Alaskans who haven't yet sampled a Harry Potter book may be inclined to shrug off the outcry from young readers, librarians and others offended by the U.S. publisher's arbitrary exclusion of Alaska and Hawaii fans from the company's national essay contest. Ketchikan Mayor Bob Weinstein gets credit for summing up the principle at stake for all Alaskans:
''Your company's treatment of Alaskans -- particularly our children -- as second-class citizens reminds me of the colonialist attitude which the federal government often displays to our state and residents,'' Weinstein wrote Richard Robinson, chief executive officer of Scholastic Inc., the American publisher of British author J.K. Rowland's wildly popular series about a young wizard's battles with the forces of darkness.
''In closing,'' Weinstein wrote, ''you can be like Harry Potter or Voldemort -- the choice is yours.''
The mayor's 9-year-old daughter, an avowed Potter reader, armed her dad with that parting shot, comparing the publisher's arbitrary focus on readers residing in the continental U.S. to conduct befitting Potter's infamous foe.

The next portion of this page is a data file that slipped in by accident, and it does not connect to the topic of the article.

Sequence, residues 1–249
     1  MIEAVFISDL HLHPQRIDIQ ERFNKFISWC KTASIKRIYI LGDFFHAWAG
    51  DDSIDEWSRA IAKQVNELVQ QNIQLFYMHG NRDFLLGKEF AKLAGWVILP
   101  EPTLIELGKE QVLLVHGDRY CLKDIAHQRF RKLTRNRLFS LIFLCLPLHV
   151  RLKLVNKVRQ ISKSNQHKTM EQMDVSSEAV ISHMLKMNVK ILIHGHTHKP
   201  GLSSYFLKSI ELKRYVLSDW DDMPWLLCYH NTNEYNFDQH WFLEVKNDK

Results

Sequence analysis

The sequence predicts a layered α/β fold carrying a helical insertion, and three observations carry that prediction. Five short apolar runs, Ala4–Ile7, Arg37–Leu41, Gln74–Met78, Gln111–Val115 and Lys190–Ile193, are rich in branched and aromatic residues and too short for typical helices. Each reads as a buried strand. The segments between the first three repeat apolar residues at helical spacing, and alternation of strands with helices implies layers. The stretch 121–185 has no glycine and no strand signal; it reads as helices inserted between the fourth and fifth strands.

The mayor's letter got results.
Summoning staff members who've been publicly dismissing the complaints from excluded Alaskans and Hawaiians, Robinson straightened them out concerning this nation's borders.
''Who made this decision?'' chagrined subordinates quoted the boss as demanding. ''It's wrong. Change it!''
Alaska readers interested in landing a ticket to New York to meet Rowland now have until Sept. 18 to submit 300-word essays describing how the Harry Potter books changed their lives. A total of 10 contest winners are being selected from among the essays submitted by writers across all 50 states.
We can only wish top officials in federal government were as quick to lift inappropriate air-quality standards and other arbitrary rules adopted without consideration for their application in Alaska.
Voldemort's craftiness and appetite know no bounds. -
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